Learn about the process to liquidate a company in Colombia and obtain the support of legal experts in Colombia to carry out the correct procedure.
Colombia has been characterized for being an attractive destination for doing business. Its strategic position as the main gateway to Latin America and high reception to businesses in various industries makes the country an ideal point for expanding business.
However, not all companies established in the country achieve the expected success. Whether due to external situations or operational, managerial, or compliance complications, companies may choose or need to undertake liquidation procedures.
Below, we outline the most important steps when liquidating a company in Colombia. Specific procedures must be followed before different government entities depending on the corporate purpose of your company.
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Steps to liquidate a company in Colombia
Liquidating a company in Colombia is the process of closing operations for a company, paying outstanding debts and ending dealings with partners or shareholders with the company. It is a safe, legal and efficient way to withdraw from the Colombian market.
Below, we offer a step-by-step guide on how to liquidate a company in Colombia.
1. Hold a general meeting of the shareholders
Depending on the type of company you own, you must hold a meeting in which shareholders approve the company’s dissolution and liquidation. The company must produce minutes outlining this decision.
The minutes must clarify the reason for dissolution, the appointment of a liquidator and where the Liquidator is designated. These decisions must comply with the general requirements of law.
2. File the minutes
The company must file the minutes with the Chamber of Commerce (Cámara de Comercio). The company may include additional documents or supporting information that justify the company’s liquidation request. Ensure this information up-to-date so as not to delay the approval process.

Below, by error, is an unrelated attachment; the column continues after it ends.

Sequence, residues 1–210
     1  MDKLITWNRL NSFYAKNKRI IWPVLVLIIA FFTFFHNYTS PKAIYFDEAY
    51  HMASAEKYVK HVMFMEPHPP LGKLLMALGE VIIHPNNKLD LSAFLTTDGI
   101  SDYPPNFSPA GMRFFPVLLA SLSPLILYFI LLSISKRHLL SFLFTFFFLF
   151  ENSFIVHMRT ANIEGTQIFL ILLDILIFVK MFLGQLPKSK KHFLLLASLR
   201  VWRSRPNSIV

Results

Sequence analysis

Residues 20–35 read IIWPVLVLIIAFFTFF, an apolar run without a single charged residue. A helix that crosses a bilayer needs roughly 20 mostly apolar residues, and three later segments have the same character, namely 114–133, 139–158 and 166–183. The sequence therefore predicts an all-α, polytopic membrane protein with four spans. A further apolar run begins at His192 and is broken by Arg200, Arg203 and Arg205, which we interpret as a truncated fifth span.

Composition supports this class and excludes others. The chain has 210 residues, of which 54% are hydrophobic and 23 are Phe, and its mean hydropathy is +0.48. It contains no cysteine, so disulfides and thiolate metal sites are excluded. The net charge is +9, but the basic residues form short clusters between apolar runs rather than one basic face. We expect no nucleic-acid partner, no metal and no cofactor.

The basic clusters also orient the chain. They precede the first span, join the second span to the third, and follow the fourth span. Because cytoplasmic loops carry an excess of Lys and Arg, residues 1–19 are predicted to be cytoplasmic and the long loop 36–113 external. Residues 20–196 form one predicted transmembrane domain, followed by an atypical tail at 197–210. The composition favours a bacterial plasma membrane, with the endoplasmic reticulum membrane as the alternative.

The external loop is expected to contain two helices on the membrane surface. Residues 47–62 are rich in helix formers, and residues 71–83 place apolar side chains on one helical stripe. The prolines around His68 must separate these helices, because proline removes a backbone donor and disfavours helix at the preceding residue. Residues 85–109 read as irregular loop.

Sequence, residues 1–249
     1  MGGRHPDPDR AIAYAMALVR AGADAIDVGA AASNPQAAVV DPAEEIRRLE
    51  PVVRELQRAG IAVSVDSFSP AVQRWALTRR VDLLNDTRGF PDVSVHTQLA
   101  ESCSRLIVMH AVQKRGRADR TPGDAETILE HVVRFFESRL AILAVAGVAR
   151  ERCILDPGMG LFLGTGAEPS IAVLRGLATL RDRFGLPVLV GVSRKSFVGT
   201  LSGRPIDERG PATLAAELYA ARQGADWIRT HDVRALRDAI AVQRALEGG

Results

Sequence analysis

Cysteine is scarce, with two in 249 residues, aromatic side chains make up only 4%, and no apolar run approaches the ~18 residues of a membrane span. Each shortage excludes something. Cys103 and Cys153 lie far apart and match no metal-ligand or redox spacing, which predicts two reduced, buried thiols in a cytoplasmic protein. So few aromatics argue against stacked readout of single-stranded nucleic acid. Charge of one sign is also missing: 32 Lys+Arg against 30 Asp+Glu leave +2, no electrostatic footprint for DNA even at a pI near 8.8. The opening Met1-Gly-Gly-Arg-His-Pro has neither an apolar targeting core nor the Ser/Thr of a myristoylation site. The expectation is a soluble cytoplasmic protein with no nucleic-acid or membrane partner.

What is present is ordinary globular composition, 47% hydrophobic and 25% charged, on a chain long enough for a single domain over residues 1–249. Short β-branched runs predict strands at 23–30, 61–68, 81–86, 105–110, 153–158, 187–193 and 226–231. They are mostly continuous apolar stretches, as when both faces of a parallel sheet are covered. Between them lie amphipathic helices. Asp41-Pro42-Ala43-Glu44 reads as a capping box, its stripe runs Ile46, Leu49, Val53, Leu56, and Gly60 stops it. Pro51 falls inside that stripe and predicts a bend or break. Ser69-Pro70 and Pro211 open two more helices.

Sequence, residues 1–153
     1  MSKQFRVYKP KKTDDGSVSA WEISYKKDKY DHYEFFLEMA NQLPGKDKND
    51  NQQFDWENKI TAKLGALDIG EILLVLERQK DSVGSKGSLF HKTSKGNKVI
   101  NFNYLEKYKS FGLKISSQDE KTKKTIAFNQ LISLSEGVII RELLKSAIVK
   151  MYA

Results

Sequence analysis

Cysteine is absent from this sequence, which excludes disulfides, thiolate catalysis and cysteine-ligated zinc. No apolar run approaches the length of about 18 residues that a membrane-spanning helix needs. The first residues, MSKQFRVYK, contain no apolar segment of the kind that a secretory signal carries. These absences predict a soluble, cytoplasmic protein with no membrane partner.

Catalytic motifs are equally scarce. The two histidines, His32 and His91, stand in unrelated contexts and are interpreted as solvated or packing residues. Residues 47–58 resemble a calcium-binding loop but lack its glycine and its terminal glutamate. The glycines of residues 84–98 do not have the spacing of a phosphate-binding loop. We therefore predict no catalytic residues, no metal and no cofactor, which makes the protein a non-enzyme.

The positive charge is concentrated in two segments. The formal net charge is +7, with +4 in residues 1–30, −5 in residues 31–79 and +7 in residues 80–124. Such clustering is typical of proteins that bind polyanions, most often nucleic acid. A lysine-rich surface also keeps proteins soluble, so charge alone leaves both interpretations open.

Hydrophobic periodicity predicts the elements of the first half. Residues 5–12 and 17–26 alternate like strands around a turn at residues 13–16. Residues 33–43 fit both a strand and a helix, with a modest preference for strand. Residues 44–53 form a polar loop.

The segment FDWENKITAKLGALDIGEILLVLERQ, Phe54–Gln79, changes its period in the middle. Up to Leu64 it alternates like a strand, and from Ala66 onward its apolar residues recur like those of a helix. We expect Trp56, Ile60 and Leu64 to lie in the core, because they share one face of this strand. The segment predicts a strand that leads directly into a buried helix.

3. Inform DIAN
You must inform the Directorate of National Taxes and Customs (DIAN) of the liquidation status of your company in Colombia. In this step, the DIAN will modify your RUT (tax identification) to include the words “in Liquidation” on the end of your company name. In this step, the company Liquidator is responsible for responding to the Colombian institutions.
4. Publish the decision to liquidate your company
A publication must be made in a widely circulated communication medium announcing the company’s decision to liquidate.
This publication must be clear and detailed, and must include the Liquidator’s contact information.
5. Prepare an inventory
The company’s liquidator in Colombia and the Statutory Auditor or accountant must prepare an inventory of the corporate assets and the final balance of the company.
6. Make payments to creditors
You must make the payment of the company’s liabilities, as well as the payment of tax obligations and make the final income statement. If the company lacks external liabilities, the Liquidator has the power to call a meeting and request the approval of the inventory as the final settlement account.
7. Distribution of remaining assets
In the event that the liquidation of your company in Colombia is successful and all debts have been paid, the Liquidator must then distribute any remaining assets among the partners or shareholders.
8. Prepare liquidation project
The Liquidator will have to prepare a ‘liquidation project’. This is a document that must contain:
- balance sheet
- profit and loss statement
- company liabilities
- payment of liabilities
- indication and destination of the remainder
- additional information as necessary.
9. Approval of the liquidation
The Liquidator must call a meeting of the shareholders to approve the liquidation project. The minutes of this meeting must contain the express indication about any remaining value amount after the liquidation.
In the event that there is no remaining value, said situation must be indicated in the document that will also contain the decision to approve the final settlement account, including the number of votes with which it is approved.